How to Crack a Padlock in an Emergency
Securing your belongings these days has become a mix of high technology and old school standbys. In that second group are padlocks, of the basic lock-and-key variety. Tried and sometimes true, they’re used for protecting everything from bikes and lockers to storage units and, of course, treasure chests.
But you know good and well that sometimes the key gets lost. And you kick yourself because you’re in a hurry to get somewhere, or there’s something stored that you really need get your hands on. Maybe it hasn’t happened to you yet, but there are methods to help you pop that lock without the key.
The video below from Tricks Hacks shows a few ways to open a padlock without a key. We’re outlining one here but stay tuned to see how else it’s done. Now, this isn’t intended to help you step into the world of crime— namely theft or burglary. Please, don’t even think about it.
If you’re caught in an emergency and can’t find the key, don’t have a backup copy, or a smart app to unlock things, take note of these padlock breaking methods. Whatever you do, remember to use these powers for good and not evil.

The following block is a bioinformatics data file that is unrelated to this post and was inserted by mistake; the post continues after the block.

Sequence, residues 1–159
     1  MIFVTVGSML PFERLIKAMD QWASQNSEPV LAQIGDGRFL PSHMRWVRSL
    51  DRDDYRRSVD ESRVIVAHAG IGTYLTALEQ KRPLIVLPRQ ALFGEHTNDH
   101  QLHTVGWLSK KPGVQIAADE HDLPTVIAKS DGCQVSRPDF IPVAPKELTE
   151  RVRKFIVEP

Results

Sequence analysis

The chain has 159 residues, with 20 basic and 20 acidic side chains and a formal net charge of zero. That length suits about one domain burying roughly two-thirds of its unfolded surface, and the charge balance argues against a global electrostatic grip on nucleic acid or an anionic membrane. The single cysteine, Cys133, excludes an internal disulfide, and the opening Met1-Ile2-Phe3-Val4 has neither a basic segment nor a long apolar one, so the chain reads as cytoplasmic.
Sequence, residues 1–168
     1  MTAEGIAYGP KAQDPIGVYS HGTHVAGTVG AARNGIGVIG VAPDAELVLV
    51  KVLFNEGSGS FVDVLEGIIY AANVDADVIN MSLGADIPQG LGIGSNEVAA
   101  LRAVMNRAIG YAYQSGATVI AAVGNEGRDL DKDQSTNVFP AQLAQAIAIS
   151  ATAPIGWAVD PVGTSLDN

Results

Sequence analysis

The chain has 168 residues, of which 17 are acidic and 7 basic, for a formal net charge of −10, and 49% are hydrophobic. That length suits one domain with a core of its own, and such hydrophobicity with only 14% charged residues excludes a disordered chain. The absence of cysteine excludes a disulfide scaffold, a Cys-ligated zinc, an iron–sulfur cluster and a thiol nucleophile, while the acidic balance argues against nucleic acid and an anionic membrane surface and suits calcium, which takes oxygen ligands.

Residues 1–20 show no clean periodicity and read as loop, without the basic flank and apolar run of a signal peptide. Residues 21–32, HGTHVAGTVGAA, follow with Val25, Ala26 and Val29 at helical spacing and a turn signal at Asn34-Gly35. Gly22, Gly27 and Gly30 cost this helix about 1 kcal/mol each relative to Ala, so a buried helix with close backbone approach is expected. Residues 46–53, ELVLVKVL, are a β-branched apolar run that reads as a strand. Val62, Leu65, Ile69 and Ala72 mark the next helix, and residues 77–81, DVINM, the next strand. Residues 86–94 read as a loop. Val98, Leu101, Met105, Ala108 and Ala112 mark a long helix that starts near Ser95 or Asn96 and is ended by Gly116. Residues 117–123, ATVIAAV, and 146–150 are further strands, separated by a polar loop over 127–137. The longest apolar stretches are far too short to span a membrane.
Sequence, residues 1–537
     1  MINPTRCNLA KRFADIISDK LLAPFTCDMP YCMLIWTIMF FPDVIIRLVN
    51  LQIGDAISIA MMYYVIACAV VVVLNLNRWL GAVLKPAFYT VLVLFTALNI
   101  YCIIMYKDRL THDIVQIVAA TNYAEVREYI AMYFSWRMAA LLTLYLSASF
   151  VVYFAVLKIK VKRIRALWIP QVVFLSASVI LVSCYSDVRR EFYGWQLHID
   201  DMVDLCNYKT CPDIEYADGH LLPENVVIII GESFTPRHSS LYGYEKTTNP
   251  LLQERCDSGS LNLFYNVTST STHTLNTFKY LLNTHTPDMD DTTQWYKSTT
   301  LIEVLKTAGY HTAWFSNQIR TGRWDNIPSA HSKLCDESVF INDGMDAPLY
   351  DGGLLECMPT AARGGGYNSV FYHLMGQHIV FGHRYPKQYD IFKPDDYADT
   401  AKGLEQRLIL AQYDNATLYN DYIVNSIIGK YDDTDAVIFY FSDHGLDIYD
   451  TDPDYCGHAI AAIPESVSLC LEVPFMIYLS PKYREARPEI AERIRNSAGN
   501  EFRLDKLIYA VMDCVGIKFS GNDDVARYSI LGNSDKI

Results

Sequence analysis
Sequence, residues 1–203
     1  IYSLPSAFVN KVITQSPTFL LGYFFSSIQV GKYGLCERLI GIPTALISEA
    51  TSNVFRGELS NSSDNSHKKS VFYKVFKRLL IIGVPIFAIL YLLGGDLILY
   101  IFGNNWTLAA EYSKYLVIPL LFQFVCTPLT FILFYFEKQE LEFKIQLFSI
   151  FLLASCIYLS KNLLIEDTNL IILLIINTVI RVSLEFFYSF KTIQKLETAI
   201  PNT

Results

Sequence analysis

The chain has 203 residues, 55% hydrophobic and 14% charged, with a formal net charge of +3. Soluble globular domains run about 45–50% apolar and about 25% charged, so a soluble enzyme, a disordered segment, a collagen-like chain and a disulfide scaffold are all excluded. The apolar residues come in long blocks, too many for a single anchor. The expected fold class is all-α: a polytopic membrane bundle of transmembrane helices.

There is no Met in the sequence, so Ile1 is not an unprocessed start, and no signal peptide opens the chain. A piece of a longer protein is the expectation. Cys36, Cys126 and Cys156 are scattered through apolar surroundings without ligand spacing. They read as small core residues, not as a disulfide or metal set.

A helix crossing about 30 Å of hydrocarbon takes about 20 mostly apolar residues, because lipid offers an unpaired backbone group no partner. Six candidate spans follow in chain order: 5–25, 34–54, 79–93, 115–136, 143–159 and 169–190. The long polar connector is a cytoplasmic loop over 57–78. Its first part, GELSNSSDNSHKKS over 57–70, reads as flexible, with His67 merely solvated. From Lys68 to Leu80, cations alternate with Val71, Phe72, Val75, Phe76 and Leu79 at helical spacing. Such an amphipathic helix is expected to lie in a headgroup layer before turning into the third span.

Pop a Padlock
All you’ll need is elbow grease and two wrenches. Find two open end wrenches in the right size to fit inside the lock’s shackle. Slip one jaw of each wrench into the U-shaped opening. The sides of the two wrenches’ jaws should touch each other. Squeeze the handles of the wrenches inwards towards one another until the lock breaks. Pop!
The locks in this demonstration appear to be made of a resin-type material, making it much easier to break. Combination and closed shackle locks will be more of challenge than these padlocks. There are other techniques used to crack locks that are made of steel or brass. In many other cases, a set of bolt cutters will get the job done. If you’re in a time crunch or don’t have access to hardier tools, try the wrench.
Should you ever find yourself in the midst of an urgent situation where you needed to break open a lock, this might work. Situations where it would unadvisable to try these methods include your next door neighbor’s tool shed (because it’s wrong), your other neighbor’s garage freezer (because it’s creepy), and your sister’s diary (because it’s wrong and creepy).
Like handcuff escaping hacks, this one leads a double life as lifesaver and troublemaker. In either case, stay on the right side of things. Another idea? Buy a lock that comes with an extra key or have a spare one made. Have you ever lost the keys to a very important lock? Did you hack it or call a locksmith? Tell us in the comments!